Bangor residents react to St. Joe’s demolishing Carriage House

A number of old homes in Bangor are being demolished by the homes owners, Saint Joseph Hospital.
A number of old homes in Bangor are being demolished by the homes owners, Saint Joseph Hospital.(Owen Kingsley)
Published: Jan. 12, 2022 at 4:41 PM EST
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BANGOR, Maine (WABI) - The Carriage House on Broadway in Bangor is more than 100 years old, however demolition began Tuesday.

There’s a total of eight homes that are set to be demolished by Saint Joseph Hospital. The Hospital says these homes are no longer livable but a group of folks in Bangor are saying these homes are part of the city’s history.

Saving Bangor’s Old Houses was first established on Facebook in 2019.

“For me, I like looking at them. I like the history. There’s a sentiment out there, it’s like tear them down,” said Randy Hatch, a founder of Saving Bangor’s Old Houses.

When it was announced that St. Joe’s would knock down eight homes built in the early 20th century, members starting speaking out.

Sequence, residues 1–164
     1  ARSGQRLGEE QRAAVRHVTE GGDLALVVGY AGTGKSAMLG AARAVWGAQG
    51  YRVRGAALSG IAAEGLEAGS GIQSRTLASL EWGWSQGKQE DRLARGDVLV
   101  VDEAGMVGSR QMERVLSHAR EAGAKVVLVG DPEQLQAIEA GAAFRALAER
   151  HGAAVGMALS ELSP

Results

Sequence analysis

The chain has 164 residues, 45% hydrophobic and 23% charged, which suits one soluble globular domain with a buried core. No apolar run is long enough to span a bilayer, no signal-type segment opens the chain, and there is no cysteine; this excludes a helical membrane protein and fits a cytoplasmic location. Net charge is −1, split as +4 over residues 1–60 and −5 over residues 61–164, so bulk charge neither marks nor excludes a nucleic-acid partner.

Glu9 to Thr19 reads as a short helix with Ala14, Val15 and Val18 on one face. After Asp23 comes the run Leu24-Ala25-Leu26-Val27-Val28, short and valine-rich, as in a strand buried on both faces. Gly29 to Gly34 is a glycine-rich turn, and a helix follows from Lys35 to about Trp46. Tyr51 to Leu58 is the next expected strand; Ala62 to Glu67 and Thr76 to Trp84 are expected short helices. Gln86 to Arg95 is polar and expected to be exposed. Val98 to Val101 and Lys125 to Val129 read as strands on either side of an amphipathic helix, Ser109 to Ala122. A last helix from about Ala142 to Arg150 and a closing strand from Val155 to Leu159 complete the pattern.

“Oh it just makes me feel sick. The reason we focused on this one was that it was just so significant and beautiful. With all the architectural detail, it was unique, and on and on,” said Hatch.

The hospital says of the eight homes, four of which have already finished demolition, that there was significant damage after performing structural reviews.

Saying specifically of the Carriage House, “there are no interior elements which are original to the property of any historic significance. In addition, there is a significant erosion and structural issue with this building that deems it extraordinarily unsafe to be inside or around.”

Randy Hatch claims older building materials were superior and that this home, and others should have gotten more focus on restoration.

“Bangor has the most beautiful buildings and I wish we would treasure them a little bit more,” said Hatch.

The last three homes, all on Broadway, are awaiting permits.

Saint Joe’s says they are exploring the possibility of placing community vegetable gardens in the vacant lots in the spring.

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